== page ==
Guttural, juke-joint blues songs -- the kind that shake the moonshine from your ass pocket and transform your fists into the devil sign -- aren't immune to the trite sway of nostalgia and romanticism. We like our Southern blues-rockers bestial and destructive; if we can't have that, then mullets, bandanas, and a Skynyrd or Stevie Ray lick will do. Though they've shared the stage with quasi-hippie jammers like Gov't Mule and the North Mississippi Allstars, the Black Diamond Heavies pound harder and bathe less, slamming together piano, harp, slide guitar and drums, growling and spewing with as much poison as bourbon in their blood. Their sound is homicidally distorted, a junkyard-assembled Econoline stalking the back roads from Chattanooga (their native turf) to Abilene, swerving and jerking as the bandmates fight over which 8-track to play next: John Lee Hooker, Led Zeppelin or Black Flag. Those jonesing for no-bass electro-blues could do much worse than the Heavies, but consider yourself warned: By comparison, the White Stripes are a hipster minstrel show.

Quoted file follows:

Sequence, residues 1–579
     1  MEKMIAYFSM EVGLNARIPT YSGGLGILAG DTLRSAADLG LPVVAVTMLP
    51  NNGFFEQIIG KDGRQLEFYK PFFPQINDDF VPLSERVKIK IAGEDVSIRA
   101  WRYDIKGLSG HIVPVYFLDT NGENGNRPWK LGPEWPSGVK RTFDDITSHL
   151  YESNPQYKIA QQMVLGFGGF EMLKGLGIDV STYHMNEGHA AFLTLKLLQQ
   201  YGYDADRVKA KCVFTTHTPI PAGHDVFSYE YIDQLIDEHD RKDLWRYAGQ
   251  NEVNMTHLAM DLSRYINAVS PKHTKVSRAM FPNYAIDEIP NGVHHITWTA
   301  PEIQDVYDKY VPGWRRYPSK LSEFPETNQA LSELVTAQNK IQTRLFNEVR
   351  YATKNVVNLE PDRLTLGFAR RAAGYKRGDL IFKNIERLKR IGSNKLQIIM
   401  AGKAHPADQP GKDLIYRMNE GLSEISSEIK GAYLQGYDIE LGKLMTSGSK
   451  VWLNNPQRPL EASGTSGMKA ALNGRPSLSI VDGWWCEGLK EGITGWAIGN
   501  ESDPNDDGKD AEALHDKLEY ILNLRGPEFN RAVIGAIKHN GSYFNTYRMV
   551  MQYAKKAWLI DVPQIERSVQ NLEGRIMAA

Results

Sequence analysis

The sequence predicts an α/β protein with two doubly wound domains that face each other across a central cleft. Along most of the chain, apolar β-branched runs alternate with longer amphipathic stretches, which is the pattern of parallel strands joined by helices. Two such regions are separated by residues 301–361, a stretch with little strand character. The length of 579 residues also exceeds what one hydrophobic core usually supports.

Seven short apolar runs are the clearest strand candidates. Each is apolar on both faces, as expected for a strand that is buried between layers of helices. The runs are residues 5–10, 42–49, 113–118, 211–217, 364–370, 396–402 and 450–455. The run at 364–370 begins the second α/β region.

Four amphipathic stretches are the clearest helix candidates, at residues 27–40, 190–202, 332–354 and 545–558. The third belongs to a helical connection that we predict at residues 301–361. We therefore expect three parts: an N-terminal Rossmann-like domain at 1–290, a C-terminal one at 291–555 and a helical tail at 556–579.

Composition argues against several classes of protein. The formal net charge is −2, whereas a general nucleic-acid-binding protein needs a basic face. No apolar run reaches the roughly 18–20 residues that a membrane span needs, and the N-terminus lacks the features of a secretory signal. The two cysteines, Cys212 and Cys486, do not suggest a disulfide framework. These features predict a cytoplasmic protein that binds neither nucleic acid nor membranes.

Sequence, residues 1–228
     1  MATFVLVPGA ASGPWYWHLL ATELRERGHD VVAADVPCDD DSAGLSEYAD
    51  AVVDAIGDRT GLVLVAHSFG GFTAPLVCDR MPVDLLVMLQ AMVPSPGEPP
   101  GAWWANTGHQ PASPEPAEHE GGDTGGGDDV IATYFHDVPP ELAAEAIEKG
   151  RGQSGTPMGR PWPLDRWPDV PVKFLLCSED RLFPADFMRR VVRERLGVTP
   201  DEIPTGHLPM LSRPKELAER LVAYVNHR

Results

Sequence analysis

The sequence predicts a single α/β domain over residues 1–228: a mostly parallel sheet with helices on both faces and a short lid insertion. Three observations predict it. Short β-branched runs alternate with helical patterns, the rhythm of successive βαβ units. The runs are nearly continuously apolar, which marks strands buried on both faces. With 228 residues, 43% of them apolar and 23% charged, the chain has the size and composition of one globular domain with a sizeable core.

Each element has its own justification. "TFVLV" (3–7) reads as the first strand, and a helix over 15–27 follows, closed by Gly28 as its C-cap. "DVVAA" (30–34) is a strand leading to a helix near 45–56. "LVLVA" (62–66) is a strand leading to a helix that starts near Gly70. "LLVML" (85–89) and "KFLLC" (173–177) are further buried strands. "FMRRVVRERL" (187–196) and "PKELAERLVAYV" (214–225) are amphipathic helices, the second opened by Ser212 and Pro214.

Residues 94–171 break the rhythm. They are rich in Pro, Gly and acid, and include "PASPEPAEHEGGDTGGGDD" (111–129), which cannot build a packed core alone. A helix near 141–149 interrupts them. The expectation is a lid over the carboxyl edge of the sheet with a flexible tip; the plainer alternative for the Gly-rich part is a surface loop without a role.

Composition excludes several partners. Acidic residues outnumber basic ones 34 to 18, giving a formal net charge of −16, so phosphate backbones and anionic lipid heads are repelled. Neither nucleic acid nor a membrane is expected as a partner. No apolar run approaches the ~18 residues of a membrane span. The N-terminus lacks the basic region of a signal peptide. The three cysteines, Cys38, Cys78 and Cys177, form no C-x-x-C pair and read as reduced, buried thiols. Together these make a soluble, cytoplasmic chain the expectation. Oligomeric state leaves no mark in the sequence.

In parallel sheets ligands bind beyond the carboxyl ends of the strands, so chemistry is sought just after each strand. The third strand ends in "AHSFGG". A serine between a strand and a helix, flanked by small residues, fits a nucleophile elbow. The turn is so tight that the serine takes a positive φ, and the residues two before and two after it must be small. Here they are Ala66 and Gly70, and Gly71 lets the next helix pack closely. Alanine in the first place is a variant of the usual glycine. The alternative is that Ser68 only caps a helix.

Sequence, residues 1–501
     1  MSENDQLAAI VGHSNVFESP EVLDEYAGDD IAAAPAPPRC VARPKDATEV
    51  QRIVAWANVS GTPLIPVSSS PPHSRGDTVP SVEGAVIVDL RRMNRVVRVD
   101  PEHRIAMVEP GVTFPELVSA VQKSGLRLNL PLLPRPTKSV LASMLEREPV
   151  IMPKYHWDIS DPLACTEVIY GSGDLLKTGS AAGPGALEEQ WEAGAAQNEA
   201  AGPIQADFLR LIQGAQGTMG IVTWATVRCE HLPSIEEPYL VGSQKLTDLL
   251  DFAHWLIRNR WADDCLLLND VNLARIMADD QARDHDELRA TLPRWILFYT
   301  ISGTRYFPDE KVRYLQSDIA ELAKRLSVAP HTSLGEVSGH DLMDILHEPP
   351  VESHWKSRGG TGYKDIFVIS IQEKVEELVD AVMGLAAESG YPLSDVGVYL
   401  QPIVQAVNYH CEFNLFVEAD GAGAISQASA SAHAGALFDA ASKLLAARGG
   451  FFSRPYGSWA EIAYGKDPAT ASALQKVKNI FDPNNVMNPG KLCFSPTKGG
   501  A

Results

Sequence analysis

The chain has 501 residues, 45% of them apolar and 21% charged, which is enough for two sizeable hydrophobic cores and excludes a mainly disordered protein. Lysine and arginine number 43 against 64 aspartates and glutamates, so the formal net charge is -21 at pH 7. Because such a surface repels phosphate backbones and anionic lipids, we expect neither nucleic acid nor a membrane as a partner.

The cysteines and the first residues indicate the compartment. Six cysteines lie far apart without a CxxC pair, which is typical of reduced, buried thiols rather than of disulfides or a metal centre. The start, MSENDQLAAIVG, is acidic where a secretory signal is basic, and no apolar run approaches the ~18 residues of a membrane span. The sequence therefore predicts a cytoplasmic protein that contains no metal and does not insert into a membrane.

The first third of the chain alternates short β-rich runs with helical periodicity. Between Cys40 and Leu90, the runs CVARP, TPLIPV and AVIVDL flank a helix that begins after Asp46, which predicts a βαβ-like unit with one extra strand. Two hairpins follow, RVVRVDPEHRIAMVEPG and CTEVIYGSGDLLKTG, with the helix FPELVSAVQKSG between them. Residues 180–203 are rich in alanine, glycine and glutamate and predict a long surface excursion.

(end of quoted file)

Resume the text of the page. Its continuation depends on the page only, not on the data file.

Porkchop lays down the blues with the Black Diamond Heavies.